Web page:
If you have strong feelings about the issue of UV exposure and skin cancer and melanoma, we urge you to take action and comment on the note issued by the Surgeon General’s office looking for information on how to reduce UV exposure and skin cancers in the U.S.  Comments are due by September 4th and are encouraged from individuals, organizations, and industry.

Melanoma News Round-Up, August 23


Why are redheads more susceptible to melanoma?  Will an adhesive tape become an easier way to test for melanoma?  What has MRA been up to lately? Catch up on the week’s melanoma news with the stories below:

Why Redheads Burn: Gene Receptor Linked to Red Hair and Melanoma via ScienceWorldReport

Adhesive tape replaces a skin biopsy in new, noninvasive test for melanoma via MedCity News

MRA’s August Newsletter via MRA

Men ‘more vulnerable’ to skin cancer via BBC News

Alarming find: 29% of high school girls use tanning beds via USA Today

Teen Girls’ Yen For Indoor Tans Sparks Battle Over Risks via NPR

The Truth About Base Tans via Women’s Health

Melanoma News Round-Up July 26, 2013


Here are some of the best melanoma-related stories we came across this week:

Breaking down the process of a cancer cell like a cloak and dagger video game via

Pediatric Melanoma is Difficult to Diagnose and Cases are Rising via ABCNews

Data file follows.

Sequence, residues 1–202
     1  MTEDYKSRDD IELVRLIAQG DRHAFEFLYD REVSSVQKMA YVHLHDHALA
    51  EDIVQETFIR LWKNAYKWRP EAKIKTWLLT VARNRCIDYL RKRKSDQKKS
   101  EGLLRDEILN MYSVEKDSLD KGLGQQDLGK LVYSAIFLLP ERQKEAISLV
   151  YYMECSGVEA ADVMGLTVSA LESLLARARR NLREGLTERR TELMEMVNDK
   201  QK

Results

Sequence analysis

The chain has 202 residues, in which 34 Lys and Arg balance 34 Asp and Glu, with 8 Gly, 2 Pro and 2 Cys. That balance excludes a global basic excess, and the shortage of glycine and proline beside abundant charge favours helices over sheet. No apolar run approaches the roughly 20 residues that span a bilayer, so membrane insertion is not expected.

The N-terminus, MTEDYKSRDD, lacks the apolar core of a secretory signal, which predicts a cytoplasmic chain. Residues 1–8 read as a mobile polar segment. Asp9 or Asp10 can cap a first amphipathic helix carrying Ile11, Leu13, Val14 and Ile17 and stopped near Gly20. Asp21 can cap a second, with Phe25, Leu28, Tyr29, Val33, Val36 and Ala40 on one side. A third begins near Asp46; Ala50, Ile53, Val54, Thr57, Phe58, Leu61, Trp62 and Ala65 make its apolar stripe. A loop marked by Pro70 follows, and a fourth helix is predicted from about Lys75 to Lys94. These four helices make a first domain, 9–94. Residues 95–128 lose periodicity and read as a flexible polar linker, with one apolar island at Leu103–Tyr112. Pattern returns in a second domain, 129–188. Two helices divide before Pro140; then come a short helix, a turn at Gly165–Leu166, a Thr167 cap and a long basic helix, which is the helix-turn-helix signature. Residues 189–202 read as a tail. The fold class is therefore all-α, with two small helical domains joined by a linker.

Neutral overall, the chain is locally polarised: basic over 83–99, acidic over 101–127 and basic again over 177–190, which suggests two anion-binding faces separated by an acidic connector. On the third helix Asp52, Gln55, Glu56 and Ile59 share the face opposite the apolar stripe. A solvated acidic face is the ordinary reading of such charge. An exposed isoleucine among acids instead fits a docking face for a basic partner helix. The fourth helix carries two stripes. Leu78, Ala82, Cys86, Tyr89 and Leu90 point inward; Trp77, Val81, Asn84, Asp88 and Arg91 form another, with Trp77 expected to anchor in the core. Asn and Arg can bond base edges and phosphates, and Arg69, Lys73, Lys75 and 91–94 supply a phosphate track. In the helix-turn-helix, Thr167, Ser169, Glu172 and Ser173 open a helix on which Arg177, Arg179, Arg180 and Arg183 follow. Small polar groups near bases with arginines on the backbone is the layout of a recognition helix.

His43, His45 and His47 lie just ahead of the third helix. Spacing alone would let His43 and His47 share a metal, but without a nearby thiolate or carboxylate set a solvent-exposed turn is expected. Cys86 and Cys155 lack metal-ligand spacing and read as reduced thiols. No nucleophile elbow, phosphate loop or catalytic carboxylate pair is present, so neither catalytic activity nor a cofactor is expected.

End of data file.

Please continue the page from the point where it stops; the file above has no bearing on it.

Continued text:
Marine sponge vaccine will ‘hunt, kill tumours’ via Fairfax NZ News

Why Can’t we get Kids to Stop Romanticizing Tanning?  via the Boston Globe Magazine

Dissent Over a Device to Help Find Melanoma via the New York Times

A Teenager’s View: Keeping Sun Fun and Avoiding Melanoma

By Langley Grace Wallace

Over the past 40 years, melanoma has increased 800% in young women and 400% in young men. Recently, melanoma has become the most common cancer among 25-29 year olds, and even teenagers are developing this deadly skin cancer.

As a teenager who spends a lot of time in the sun, these statistics shocked me. I began researching melanoma online, and found that I was a perfect target. If you have pale skin, freckles, blue eyes, and red or blonde hair (all of which apply to me), you are more likely to get melanoma than someone without these physical traits.

The author, practicing sun-safety at age five.

The author, practicing sun-safety at age five. Photo by Julie Langley Campos

I’ve always been encouraged to practice sun-safe habits to lower my risk of sun damage and developing melanoma. My aunt, Dr. Melissa Langley, is a Nashville dermatologist and skin expert. She began educating me and my parents about the sun and skin practically from the moment I was born! From a very young age, I wore sun-protective clothing, hats, and LOTS of sunscreen any time I was outdoors.

In the last year, every patient Dr. Langley diagnosed with melanoma was a woman age 18-24, a disturbing trend as this deadly form of skin cancer becomes increasingly common among young people. “More young adults will be diagnosed with melanoma – as long as they think they are too young to get skin cancer and then wait too long to get their skin checked,” Dr. Langley says.

Teenagers and young adults not only believe that they are too young to develop melanoma; they also think that it is a near-harmless kind of cancer. What they do not understand is that melanoma can actually spread to the lymph nodes and other organs, and can eventually kill you if it is not caught in the early stages. “My patients don’t think about getting cancer, and they especially don’t think about dying from it,” says Dr. Langley.